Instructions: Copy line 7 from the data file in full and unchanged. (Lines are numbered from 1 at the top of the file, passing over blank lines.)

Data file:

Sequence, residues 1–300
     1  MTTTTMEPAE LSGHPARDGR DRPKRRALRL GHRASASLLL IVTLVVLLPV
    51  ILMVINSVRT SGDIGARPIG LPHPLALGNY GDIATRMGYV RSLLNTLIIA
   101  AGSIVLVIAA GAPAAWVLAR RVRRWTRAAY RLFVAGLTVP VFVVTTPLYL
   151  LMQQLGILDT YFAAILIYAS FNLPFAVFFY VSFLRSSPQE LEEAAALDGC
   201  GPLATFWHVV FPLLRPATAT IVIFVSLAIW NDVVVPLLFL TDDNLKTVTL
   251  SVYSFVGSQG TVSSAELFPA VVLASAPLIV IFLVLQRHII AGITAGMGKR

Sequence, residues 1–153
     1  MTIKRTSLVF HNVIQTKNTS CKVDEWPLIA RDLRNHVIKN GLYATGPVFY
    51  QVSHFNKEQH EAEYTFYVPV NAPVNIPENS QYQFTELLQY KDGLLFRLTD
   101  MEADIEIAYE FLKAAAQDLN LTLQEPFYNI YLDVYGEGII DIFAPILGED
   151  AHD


   251  SVYSFVGSQG TVSSAELFPA VVLASAPLIV IFLVLQRHII AGITAGMGKR